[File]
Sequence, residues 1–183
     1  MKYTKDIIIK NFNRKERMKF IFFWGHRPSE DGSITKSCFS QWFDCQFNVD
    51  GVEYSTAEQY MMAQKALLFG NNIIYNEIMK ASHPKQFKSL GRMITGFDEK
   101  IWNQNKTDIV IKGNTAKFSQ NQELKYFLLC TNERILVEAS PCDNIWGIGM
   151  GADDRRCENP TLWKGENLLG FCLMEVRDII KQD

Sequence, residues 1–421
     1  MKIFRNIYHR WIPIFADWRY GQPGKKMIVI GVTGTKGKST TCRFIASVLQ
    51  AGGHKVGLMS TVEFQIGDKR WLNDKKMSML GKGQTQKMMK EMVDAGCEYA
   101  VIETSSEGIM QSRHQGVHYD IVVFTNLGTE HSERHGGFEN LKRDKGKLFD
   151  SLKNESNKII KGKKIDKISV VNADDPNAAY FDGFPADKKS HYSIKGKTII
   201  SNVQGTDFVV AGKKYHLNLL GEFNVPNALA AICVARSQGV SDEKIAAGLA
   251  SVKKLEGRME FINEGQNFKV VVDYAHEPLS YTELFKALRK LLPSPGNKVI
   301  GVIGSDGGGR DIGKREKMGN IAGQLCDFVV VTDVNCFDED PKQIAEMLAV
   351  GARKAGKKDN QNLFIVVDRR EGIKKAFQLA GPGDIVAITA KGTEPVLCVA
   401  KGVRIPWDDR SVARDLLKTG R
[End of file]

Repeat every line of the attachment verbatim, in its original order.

Sequence, residues 1–183
     1  MKYTKDIIIK NFNRKERMKF IFFWGHRPSE DGSITKSCFS QWFDCQFNVD
    51  GVEYSTAEQY MMAQKALLFG NNIIYNEIMK ASHPKQFKSL GRMITGFDEK
   101  IWNQNKTDIV IKGNTAKFSQ NQELKYFLLC TNERILVEAS PCDNIWGIGM
   151  GADDRRCENP TLWKGENLLG FCLMEVRDII KQD

Sequence, residues 1–421
     1  MKIFRNIYHR WIPIFADWRY GQPGKKMIVI GVTGTKGKST TCRFIASVLQ
    51  AGGHKVGLMS TVEFQIGDKR WLNDKKMSML GKGQTQKMMK EMVDAGCEYA
   101  VIETSSEGIM QSRHQGVHYD IVVFTNLGTE HSERHGGFEN LKRDKGKLFD
   151  SLKNESNKII KGKKIDKISV VNADDPNAAY FDGFPADKKS HYSIKGKTII
   201  SNVQGTDFVV AGKKYHLNLL GEFNVPNALA AICVARSQGV SDEKIAAGLA
   251  SVKKLEGRME FINEGQNFKV VVDYAHEPLS YTELFKALRK LLPSPGNKVI
   301  GVIGSDGGGR DIGKREKMGN IAGQLCDFVV VTDVNCFDED PKQIAEMLAV
   351  GARKAGKKDN QNLFIVVDRR EGIKKAFQLA GPGDIVAITA KGTEPVLCVA
   401  KGVRIPWDDR SVARDLLKTG R